Biden, in Kenosha, says U.S. confronting 'original sin'

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Democratic presidential candidate former Vice President Joe Biden meets with members of the community at Grace Lutheran Church in Kenosha, Wis., Thursday, Sept. 3, 2020. (AP Photo/Carolyn Kaster)

WILMINGTON, Del. – Joe Biden told residents of Kenosha, Wisconsin, that recent turmoil following the police shooting of Jacob Blake, a Black man, could help Americans confront centuries of systemic racism, drawing a sharp contrast with President Donald Trump amid a reckoning that has galvanized the nation.

“We’re finally now getting to the point where we’re going to be addressing the original sin of this country, 400 years old … slavery and all the vestiges of it,” Biden said at Grace Lutheran Church, where he met with community leaders after a private session with Blake and his family.

The visit marked the former vice president's first trip to the battleground state of Wisconsin as the Democratic presidential nominee and was a vivid illustration of the contrast he offers to Trump.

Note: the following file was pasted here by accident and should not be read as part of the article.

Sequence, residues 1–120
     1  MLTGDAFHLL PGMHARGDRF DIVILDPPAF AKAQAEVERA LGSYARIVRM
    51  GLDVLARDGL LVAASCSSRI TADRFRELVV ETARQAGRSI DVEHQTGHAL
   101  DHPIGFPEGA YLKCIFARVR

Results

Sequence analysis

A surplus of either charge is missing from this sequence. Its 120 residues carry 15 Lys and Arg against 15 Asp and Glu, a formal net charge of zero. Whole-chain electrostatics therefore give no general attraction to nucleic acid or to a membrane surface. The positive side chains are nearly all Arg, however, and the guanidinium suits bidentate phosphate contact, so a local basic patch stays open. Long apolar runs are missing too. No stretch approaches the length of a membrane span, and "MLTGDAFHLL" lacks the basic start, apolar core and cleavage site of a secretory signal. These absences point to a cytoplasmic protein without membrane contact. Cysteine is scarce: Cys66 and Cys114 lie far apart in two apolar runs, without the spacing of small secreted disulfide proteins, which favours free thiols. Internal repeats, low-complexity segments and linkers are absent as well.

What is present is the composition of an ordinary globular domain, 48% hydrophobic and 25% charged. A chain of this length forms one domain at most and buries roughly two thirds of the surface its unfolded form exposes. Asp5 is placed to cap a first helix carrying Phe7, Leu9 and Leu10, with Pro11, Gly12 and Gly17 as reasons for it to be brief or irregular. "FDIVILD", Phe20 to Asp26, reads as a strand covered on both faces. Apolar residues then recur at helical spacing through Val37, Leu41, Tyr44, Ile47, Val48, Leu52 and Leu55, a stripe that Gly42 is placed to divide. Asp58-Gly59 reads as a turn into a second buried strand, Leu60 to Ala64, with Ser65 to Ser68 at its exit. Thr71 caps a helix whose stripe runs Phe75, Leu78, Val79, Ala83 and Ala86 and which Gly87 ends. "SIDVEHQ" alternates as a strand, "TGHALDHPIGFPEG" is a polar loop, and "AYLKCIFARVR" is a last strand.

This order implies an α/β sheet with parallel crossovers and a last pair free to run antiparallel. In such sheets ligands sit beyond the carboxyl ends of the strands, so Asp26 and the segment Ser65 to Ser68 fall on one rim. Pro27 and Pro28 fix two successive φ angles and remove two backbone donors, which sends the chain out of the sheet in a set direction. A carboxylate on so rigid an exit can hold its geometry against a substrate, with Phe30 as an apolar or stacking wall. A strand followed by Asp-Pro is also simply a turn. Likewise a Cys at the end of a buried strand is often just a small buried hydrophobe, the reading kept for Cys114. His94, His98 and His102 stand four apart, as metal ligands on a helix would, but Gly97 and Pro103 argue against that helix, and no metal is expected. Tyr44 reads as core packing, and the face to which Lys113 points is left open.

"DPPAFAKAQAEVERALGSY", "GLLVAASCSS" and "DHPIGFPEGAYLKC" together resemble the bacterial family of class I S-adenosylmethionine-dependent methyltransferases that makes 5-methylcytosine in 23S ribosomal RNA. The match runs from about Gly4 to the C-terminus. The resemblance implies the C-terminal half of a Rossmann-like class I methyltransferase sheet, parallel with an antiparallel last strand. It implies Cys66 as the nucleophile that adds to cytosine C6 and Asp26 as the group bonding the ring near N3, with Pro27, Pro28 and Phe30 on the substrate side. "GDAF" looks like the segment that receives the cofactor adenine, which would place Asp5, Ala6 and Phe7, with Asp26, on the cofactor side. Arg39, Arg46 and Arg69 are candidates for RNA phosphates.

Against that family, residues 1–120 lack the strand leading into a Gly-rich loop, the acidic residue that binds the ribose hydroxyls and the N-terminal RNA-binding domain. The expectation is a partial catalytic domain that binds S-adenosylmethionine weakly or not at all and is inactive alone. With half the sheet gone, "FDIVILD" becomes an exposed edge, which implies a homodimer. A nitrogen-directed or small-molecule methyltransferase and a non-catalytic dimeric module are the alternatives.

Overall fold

While Biden spent more than an hour with the Blake family, Trump didn't mention Blake during his own trip to Kenosha on Tuesday. Where Biden traced problems in the criminal justice system back to slavery, Trump refused to acknowledge systemic racism and offered his unvarnished support to law enforcement, blaming the recent violence on “domestic terror.”

“I can’t say if tomorrow God made me president, I can’t guarantee you everything gets solved in four years,” Biden said. But “it would be a whole lot better, we’d get a whole lot further down the road” if Trump isn’t re-elected.

“There’s certain things worth losing over,” he concluded, “and this is something worth losing over if you have to — but we’re not going to lose.”

Blake remains hospitalized after being shot in the back seven times by a white Kenosha police officer while authorities were trying to arrest him on Aug. 23. The shooting is the latest police confrontation with a Black man to spark protests. It follows demonstrations that swelled nationwide after George Floyd was killed by a white Minneapolis officer in May.

Outside Grace Lutheran, Blake’s uncle, Justin Blake, compared Trump’s and Biden’s respective visits as he marched and chanted with a crowd. “Trump didn’t ask about my nephew. Trump didn’t mention my nephew’s name while he was here,” Justin Blake said.